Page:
Unlike the Rostovs, many characters in the book live their lives primarily out of selfishness. These characters are fundamentally misguided. Insofar as love is necessary for happiness, how can selfishness lead to a worthwhile or happy life. Boris, for example, may find ways of advancement and may marry into riches. So what?
Pierre, and after him Prince Andrei, work on compassionate reforms on their estates. Prince Andrei works on improvements within the government. This is all good, of course, and laudable, but it is not love, not the powerful source of happiness. Living for acclaim, as Prince Andrei realizes on the field at the Battle of Austerlitz, is an exercise in empty vanity. Even living to do good works, as Pierre attempts with his activities in Freemasonry and his efforts at reform on his estates, and as Prince Andrei attempts in his political work, only serve as diversions, not as sources of fulfillment. As a further consider Speransky: he is an effective administrator, very powerful, and, it seems, is doing good largely, if not completely, for the proper purposes. Yet in a social setting, his laughter repels Prince Andrei. It is hollow. There is no joy in this man. There is, however, an abundance of joy in Natasha, and this seems to be what Prince Andrei falls in love with.
One must admire Prince Andrei’s sensitivity. He understands things quickly and intuitively. In overhearing her enthusiasm about the spring night, he gets Natasha right away. He sees the life in her that he has been missing. He wants it. Therefore, he wants her. (Is this really love, or something else?)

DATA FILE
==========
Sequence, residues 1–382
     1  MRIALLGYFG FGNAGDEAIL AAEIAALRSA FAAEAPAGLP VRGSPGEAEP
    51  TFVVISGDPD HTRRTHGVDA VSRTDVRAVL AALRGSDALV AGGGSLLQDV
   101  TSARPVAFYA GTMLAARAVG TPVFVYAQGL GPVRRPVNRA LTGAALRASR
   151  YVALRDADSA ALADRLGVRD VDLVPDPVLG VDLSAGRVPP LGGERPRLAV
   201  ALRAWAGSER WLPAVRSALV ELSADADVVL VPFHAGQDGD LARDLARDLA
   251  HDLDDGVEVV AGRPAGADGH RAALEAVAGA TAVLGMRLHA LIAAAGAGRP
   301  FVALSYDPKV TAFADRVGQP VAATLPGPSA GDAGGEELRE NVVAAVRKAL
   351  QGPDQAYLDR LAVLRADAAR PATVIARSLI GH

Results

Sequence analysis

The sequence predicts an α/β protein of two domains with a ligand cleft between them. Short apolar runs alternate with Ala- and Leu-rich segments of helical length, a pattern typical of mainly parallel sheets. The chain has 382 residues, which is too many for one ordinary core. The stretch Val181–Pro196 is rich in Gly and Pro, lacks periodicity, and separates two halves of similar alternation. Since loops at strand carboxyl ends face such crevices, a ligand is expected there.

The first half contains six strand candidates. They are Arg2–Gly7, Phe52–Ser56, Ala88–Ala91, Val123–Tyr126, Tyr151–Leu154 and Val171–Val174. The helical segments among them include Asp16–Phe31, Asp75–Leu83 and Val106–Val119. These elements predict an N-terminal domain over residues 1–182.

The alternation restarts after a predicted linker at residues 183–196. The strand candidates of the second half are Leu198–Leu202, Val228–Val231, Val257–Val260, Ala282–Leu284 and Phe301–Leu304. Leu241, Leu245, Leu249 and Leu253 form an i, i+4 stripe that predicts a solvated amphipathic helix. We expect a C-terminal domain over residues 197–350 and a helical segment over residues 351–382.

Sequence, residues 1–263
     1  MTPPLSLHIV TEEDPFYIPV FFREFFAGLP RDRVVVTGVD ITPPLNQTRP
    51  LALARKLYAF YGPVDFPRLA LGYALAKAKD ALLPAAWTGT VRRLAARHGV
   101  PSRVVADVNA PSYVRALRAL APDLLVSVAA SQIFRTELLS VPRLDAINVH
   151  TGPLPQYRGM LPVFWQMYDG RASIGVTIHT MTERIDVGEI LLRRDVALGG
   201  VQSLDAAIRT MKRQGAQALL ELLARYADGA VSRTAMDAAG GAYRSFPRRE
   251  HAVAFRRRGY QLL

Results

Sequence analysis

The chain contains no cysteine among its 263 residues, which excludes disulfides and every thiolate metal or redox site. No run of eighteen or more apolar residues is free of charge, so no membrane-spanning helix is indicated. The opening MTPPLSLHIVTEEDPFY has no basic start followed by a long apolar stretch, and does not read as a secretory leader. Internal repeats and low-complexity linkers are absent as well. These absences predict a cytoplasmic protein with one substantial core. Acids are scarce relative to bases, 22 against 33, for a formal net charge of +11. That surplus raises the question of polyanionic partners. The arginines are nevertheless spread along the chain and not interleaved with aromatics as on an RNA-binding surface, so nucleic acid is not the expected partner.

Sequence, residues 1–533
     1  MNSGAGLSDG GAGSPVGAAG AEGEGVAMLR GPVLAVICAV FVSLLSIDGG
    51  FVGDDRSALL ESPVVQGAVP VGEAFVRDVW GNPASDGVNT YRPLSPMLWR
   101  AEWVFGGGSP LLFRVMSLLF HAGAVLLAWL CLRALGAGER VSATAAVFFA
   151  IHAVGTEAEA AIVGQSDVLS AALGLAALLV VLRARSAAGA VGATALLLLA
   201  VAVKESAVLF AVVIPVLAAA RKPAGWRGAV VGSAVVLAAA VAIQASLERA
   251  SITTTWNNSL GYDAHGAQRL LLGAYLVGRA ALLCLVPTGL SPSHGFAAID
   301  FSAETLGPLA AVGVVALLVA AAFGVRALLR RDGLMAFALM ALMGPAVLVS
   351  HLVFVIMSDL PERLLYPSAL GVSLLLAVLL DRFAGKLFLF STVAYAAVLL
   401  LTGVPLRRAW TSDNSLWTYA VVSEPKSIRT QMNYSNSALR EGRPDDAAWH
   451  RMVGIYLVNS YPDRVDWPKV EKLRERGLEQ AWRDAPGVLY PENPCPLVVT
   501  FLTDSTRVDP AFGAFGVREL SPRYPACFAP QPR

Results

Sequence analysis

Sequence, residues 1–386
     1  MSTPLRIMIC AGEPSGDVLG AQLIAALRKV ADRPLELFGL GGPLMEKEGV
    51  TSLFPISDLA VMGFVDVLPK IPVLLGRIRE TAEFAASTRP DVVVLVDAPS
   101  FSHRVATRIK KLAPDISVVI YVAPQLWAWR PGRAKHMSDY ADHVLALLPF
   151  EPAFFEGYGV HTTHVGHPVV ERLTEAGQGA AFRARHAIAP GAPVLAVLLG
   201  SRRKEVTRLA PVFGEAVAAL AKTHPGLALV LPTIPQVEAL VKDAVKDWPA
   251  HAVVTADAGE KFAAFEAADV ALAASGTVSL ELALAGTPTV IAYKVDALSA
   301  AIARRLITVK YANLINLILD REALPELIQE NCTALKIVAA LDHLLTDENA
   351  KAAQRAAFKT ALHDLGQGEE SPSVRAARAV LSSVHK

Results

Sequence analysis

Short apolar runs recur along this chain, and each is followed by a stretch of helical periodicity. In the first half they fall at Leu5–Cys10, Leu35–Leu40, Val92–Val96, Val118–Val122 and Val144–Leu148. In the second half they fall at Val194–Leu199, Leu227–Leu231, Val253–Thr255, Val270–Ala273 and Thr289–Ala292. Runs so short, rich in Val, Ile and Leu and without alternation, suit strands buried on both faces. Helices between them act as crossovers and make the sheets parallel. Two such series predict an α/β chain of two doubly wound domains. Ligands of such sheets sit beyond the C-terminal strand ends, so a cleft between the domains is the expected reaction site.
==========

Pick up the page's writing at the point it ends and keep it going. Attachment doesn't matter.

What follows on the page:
Prince Andrei’s feelings for Natasha bring him back to life. Now all his preoccupations with his estate and with matters of state seem beside the point. Now, more than anything else, he wants to marry Natasha. When Prince Andrei and Pierre first discussed marriage and romance, Prince Andrei warned Pierre to avoid such entanglements. Now he wants nothing else. His views have changed completely.
[Now]… Prince Andrei seemed and was quite a different, new man. Where was his anguish, his contempt for life, his disillusionment? Pierre was the only man before before whom he would venture to speak himself out; but then he spoke everything that was in his heart. First he lightly and boldly made plans far into the future, saying how he could not sacrifice his happiness to his fathers whim, how he would make his father agreed to this marriage and love her, or else he would do without his consent; then he was astonished, as at something strange, alien, independent of him, at the feeling that possessed him.